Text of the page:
Posts about openads

An open ad network opens for business

OpenX is building the start of a new, more open ad network infrastructure.

My Guardian column this week starts with a recast of my blog post about Google Ad Manager and then breaks a wee bit of news:

OpenX (nee OpenAds, nee phpAds) is putting together the elements of what I hope can become an open ad architecture that could compete with Google and create a more transparent marketplace that will support the creation of many more sites (I’ve been wishing for this for more than two years). OpenX is already serving about 200 billion ads over 30,000 sites each month with its free software. What I’ve been urging that they do is tie that together into a network that advertisers can pick and choose from for ad hoc networks of quality sites.

Today, I was told by OpenX founder and CTO Scott Switzer, they will have the first piece of that puzzle: an ID structure that will cookie users across any participating site.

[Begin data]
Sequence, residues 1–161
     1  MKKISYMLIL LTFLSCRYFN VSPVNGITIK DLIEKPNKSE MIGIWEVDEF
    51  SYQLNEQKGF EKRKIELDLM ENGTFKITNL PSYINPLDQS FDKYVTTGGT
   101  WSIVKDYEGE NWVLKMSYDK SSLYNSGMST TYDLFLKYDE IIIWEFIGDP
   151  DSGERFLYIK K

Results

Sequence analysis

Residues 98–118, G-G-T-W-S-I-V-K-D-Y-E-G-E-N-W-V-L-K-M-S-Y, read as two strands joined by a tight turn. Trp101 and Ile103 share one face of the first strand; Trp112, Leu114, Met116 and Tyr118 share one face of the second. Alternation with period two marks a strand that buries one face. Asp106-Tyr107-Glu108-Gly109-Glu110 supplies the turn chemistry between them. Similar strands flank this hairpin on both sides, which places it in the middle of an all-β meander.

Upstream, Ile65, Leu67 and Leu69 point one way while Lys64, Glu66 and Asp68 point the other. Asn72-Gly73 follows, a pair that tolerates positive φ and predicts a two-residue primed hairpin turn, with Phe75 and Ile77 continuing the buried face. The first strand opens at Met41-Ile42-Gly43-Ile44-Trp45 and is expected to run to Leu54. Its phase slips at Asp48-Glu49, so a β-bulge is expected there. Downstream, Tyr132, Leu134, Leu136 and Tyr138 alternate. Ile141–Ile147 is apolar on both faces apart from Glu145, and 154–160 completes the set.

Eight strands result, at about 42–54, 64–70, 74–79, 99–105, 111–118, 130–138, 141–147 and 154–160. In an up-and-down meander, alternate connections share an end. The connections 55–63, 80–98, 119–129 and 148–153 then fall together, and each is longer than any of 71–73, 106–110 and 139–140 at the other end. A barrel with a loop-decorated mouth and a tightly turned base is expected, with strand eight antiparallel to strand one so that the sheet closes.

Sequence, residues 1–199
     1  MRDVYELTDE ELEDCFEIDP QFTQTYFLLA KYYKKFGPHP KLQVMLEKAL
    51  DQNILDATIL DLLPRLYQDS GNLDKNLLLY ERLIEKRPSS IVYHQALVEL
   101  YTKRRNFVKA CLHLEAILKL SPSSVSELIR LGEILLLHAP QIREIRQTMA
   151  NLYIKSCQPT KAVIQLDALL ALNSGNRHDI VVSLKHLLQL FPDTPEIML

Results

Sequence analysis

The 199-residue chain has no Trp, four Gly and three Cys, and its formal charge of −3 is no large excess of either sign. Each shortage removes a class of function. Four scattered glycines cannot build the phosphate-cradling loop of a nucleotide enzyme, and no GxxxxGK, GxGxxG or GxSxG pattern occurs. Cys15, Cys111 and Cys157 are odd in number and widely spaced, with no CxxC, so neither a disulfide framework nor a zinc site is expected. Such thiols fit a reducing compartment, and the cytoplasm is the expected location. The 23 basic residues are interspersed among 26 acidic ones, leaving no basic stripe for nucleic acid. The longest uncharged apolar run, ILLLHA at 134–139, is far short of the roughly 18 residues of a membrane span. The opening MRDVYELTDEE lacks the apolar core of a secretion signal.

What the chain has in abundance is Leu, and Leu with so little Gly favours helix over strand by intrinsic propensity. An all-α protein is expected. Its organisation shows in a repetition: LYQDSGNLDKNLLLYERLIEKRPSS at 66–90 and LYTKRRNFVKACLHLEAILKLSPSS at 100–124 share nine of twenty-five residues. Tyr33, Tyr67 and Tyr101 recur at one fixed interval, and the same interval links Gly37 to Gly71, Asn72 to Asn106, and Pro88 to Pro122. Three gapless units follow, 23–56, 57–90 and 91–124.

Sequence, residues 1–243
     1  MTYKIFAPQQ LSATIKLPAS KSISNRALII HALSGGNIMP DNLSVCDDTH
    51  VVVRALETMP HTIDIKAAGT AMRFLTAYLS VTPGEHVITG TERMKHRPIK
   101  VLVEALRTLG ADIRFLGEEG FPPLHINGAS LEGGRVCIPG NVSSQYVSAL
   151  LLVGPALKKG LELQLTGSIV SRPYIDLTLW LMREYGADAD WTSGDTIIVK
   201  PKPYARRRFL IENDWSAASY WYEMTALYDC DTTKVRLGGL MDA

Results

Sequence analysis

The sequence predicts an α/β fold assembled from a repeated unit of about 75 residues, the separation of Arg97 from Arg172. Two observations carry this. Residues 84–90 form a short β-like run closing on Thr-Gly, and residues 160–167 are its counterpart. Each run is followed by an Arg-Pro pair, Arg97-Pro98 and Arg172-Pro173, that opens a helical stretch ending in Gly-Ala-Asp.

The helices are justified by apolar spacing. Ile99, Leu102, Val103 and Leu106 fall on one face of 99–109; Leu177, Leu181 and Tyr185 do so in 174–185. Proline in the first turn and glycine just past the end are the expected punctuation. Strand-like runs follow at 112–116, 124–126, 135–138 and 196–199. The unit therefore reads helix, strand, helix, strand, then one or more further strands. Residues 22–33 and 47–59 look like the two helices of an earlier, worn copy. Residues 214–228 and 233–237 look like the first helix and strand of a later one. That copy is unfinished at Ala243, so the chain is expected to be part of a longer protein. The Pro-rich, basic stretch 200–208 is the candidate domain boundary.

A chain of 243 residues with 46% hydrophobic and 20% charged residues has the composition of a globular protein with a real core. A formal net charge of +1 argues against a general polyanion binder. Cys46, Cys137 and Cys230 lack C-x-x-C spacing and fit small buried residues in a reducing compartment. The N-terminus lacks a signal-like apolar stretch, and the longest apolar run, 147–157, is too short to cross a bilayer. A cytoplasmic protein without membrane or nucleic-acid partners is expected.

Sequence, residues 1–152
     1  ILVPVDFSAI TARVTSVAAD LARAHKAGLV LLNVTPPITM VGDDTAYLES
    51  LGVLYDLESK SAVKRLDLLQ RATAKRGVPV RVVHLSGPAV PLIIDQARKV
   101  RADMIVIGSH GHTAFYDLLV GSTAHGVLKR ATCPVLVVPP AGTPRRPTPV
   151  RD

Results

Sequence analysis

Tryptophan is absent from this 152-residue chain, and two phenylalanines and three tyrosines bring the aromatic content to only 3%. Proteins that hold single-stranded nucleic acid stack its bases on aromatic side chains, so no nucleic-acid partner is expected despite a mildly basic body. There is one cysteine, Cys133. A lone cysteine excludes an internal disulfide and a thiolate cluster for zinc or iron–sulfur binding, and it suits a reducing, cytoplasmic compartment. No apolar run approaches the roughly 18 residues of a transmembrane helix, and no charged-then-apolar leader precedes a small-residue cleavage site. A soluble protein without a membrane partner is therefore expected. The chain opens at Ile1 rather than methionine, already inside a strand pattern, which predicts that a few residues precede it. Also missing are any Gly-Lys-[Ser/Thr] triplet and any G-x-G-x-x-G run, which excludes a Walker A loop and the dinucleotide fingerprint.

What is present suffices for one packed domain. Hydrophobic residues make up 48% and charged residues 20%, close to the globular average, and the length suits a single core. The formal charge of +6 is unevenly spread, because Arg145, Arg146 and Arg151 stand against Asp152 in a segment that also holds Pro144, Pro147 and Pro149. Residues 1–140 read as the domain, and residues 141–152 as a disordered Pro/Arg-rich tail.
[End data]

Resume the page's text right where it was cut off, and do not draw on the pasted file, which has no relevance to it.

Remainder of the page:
Next, in the second quarter, they plan to deliver a bidding infrastructure so agencies and networks can buy ads on any of those sites. Thus an agency could put together an ad hoc network of great mommy blogs, or an existing network like Federated could augment its own sites with others sites that are using OpenX. And a site can take high-value ads from one network today and another agency tomorrow and backfill with ads from a remnant network — including, apparently, Google itself. So both the publisher and the site recognize higher value and that, I believe, is what can propel sites of any size to put together highly targeted and flexible networks that reach critical mass and offer greater quality than portals, which are merely collections of eyeballs.